There is only one way to arrive to the Hotel Danieli, and that is by boat. It is
Washed in pink and located waterfront on the lagoon of Venice, Danieli lives in the former Palazzo Dandolo residence and rests on the main promenade of Riva Degli Schiavoni. Long fashionable due to its proximity to the San Marco Piazza and Basilica, this popular boardwalk is traversed by most of Venice’s 20 million annual visitors.
Built by the noble Venetian family Dandolo in the 14th century, Palazzo Dandalo became a residence known for lavish parties and social functions. This central palazzo was first converted to a hotel in 1822, and today is comprised of three buildings as part of the Marriott International, Luxury Collection Hotels.
The building to the left of the main palazzo, Danieli Excelsior (added in the 20th century), and the building to its right, Casa Nuova (added in the 19th century), are bridged from the first floor above the main lobby. While the hotel is quietly elegant from the exterior, step through Danieli’s doors and you’ll be propelled back in time, expecting laced-up ladies in richly embroidered silks and brocades to swish across the lobby. Its extravagance is breathtaking—the setting casts a gilded glow comparable to candlelight, quickly rendering your iPhone’s soft-focus app redundant.
The contiguous lounge shares similar vaulted ceilings, its thick marble pillars guarding its delicate, yet unapologetically flamboyant, Venetian glass chandeliers. And the lobby bar itself is known as a James Bond point; at least two 007 movies are associated with the Danieli vestibule.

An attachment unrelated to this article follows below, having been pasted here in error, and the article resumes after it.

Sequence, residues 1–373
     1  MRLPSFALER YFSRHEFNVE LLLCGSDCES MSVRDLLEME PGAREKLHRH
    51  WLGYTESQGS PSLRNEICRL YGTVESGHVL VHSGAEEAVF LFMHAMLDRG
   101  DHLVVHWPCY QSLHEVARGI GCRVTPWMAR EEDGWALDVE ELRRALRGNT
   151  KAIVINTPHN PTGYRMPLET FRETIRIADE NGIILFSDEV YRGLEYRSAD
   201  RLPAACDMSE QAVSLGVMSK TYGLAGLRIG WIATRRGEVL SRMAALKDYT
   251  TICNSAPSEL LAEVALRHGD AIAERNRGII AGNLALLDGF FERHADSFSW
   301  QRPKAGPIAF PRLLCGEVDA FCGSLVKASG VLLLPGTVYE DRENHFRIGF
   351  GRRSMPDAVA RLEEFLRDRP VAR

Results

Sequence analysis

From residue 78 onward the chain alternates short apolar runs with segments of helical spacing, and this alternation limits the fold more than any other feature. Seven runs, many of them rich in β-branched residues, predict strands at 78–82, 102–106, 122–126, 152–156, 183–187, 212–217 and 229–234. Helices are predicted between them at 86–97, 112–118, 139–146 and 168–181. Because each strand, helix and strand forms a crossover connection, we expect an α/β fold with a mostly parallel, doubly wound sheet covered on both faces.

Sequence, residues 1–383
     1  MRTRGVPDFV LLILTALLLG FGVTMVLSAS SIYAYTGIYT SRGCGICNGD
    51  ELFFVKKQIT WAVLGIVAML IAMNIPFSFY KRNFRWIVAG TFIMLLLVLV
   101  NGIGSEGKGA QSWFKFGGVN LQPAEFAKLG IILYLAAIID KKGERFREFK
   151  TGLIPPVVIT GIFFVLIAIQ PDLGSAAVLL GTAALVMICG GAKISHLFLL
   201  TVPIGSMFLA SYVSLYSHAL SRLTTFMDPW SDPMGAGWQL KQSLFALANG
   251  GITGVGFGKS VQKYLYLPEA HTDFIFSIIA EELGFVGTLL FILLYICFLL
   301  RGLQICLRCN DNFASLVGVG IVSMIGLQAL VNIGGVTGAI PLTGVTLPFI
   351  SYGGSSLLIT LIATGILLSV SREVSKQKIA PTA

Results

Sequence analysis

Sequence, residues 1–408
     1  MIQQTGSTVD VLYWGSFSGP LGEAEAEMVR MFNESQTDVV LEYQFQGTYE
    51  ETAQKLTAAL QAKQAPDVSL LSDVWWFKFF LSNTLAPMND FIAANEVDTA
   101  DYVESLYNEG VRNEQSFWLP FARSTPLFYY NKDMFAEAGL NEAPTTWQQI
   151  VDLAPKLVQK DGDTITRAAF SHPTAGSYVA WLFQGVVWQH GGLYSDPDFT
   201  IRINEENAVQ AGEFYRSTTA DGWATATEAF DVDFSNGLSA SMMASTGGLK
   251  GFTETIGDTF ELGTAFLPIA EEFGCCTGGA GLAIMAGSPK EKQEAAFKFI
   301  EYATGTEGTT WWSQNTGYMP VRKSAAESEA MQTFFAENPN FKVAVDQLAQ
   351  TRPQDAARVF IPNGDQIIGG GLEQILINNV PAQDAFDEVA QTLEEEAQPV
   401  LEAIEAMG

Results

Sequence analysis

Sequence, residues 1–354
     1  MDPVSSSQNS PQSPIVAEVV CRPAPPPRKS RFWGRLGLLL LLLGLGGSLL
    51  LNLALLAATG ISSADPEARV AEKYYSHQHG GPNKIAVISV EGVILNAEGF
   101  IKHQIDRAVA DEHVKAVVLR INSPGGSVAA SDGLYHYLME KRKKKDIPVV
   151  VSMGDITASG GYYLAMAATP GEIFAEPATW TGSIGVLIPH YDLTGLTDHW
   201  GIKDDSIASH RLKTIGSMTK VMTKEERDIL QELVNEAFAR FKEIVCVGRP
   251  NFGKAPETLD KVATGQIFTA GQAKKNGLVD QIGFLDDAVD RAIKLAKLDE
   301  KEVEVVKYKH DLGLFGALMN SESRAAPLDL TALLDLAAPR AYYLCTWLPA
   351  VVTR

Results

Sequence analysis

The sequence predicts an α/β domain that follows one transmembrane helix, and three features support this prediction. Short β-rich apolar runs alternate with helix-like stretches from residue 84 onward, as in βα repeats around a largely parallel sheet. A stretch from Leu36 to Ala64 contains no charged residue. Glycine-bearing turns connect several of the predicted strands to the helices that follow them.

In the tiniest of details, the hotel’s embellishment is carried through to its guestrooms. Although each building has its own timely feel and unique trappings, they share the same luxurious touches. The 12 most exclusive rooms, centered in the main palazzo, are named the Dandolo Suites. Despite their recent refreshment by French interior designer Pierre-Yves Rochon, they stay true to their aristocratic pedigree. Featuring spacious sitting areas, walk-in wardrobes, large marble bathrooms, Murano chandeliers, and precious fabrics by Rubelli weavers, the rooms also offer singular views.
Rooftop, the Restaurant Terrazzo Danieli serves Venetian cuisine in the city’s most magical setting. The highest dining terrace in Venice’s city centre looks out over the lagoon and the resplendent Basilica di Santa Maria della Salute. For less formal meals, a new bistro called The Egg Nicola Batavia @ Hotel Danieli shares similar panoramic vistas, but with lighter decor and smaller dishes known as cicchetti—best served with glasses of local wine.
After losing yourself in the narrow pedestrian streets of Venice, indulging in a requisite gondola excursion, and filling your suitcase with memories of the floating city, your water taxi awaits. As you step onto your boat, hope for fog. Somehow the nebulous veil, with its somber and brooding weight, suits this majestic city, and perhaps the heaviness you feel for leaving it behind.